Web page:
It's 'Orphan Wednesday'! For today's orphan object, I'm sharing my Dad's camera, a vintage 'Pocket Kodak' folding camera. My research dates this camera's manufacture from 1926-1932, which seems to fall into the exact correct time frame: he graduated from high school in 1933, which means, if the family bought the camera new, he probably got it sometime during his high school years. (It's also likely that it was purchased as the family camera, and Dad inherited it when he went away to college. I'll probably never know exactly!) I have quite a few snapshots my Dad took during his college years, and it seems safe to assume these black and white photos were taken with this camera. My Mom remembers Dad having the camera when they met in 1937. Somewhere along the road, probably while I was in college myself, I appropriated the camera. I think I had some illusions that I would use this antique camera to take my own photos, but by the time I got it, the bellows were already cracked and tearing, which would allow light into the camera. I was happy to merely display it with all of my worn and weathered 'stuff'. Here's a photo of the camera in my BYU apartment, 1974.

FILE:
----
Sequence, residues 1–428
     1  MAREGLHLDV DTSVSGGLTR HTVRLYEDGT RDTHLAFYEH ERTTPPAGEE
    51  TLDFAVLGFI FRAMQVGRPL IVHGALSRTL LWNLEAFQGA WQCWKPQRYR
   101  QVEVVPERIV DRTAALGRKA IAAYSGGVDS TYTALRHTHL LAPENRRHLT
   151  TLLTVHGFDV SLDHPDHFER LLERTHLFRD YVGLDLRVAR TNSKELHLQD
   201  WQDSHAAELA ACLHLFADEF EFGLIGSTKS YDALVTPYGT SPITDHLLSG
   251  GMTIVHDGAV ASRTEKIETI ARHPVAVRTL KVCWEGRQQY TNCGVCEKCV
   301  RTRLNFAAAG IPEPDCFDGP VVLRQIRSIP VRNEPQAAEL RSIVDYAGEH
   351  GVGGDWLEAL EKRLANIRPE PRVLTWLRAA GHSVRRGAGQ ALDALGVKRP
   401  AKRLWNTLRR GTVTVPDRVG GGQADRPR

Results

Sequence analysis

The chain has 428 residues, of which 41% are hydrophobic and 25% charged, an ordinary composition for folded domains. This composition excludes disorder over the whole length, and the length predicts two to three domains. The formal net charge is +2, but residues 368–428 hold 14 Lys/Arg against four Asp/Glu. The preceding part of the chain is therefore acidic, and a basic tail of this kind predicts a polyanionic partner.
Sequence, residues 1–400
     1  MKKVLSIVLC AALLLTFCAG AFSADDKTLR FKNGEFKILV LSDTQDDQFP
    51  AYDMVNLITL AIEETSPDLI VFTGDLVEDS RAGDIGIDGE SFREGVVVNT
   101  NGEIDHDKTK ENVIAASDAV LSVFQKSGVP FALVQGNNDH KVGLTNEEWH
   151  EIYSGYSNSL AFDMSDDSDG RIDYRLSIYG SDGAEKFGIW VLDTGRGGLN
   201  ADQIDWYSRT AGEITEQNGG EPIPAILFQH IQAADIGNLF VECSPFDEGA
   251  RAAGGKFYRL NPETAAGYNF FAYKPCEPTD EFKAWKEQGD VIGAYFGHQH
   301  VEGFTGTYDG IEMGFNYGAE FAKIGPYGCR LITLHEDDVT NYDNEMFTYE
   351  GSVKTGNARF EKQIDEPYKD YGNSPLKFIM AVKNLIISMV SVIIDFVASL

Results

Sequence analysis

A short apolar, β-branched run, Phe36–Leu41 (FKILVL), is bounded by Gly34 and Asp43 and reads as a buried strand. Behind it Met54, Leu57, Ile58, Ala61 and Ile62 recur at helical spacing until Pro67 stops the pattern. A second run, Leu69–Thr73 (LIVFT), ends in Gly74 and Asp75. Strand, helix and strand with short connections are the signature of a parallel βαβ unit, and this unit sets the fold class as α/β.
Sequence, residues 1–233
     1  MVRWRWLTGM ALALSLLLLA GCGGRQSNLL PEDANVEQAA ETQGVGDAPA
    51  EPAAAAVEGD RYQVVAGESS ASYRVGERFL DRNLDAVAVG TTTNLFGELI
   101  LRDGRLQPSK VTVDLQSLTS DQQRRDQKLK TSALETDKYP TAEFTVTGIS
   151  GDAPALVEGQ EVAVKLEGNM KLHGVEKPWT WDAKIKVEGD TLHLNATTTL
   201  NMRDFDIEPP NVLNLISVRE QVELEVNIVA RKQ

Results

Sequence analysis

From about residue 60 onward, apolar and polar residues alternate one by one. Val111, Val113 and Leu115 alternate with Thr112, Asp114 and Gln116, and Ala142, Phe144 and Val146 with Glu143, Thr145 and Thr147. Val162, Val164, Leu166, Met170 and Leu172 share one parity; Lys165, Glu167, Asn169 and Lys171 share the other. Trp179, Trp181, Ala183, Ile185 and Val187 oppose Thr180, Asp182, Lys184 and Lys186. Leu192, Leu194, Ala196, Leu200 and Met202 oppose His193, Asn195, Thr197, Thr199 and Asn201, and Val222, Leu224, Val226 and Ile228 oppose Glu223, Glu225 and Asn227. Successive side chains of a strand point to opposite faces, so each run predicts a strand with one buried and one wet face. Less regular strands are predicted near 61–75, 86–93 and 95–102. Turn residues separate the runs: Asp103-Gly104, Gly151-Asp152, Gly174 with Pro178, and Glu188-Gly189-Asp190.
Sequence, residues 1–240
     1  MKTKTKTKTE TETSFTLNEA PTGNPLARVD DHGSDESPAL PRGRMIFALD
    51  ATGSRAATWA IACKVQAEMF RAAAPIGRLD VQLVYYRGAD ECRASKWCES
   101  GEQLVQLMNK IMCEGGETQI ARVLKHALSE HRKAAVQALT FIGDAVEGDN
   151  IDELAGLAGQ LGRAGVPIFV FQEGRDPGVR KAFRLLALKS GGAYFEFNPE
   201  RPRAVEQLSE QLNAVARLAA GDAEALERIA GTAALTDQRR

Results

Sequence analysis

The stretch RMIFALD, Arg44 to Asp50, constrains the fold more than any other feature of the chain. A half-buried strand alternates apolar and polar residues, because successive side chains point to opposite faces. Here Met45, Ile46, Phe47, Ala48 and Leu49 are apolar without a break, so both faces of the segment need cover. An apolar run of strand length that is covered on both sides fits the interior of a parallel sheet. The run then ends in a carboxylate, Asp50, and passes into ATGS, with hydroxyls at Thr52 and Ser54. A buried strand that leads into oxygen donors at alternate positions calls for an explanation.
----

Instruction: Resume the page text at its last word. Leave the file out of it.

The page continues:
|You can see the camera on the shelf at center left|
I take complete responsibility for the dismal condition of the camera. I used to fold it up regularly, and I'm sure the fragile canvas bellows couldn't take the pressure of folding and unfolding. The entire right side of the bellows has rotted away. But, poor condition or no, this camera means the world to me. I hope you like looking at it! I'd love it if you'd leave a comment if you have any special camera memories to share!
|Eugene Clark, my Dad, location unknown, ca 1937|
|My Dad, Brigham City Utah, ca 1933|
|(You can click on the layout for a closer view)|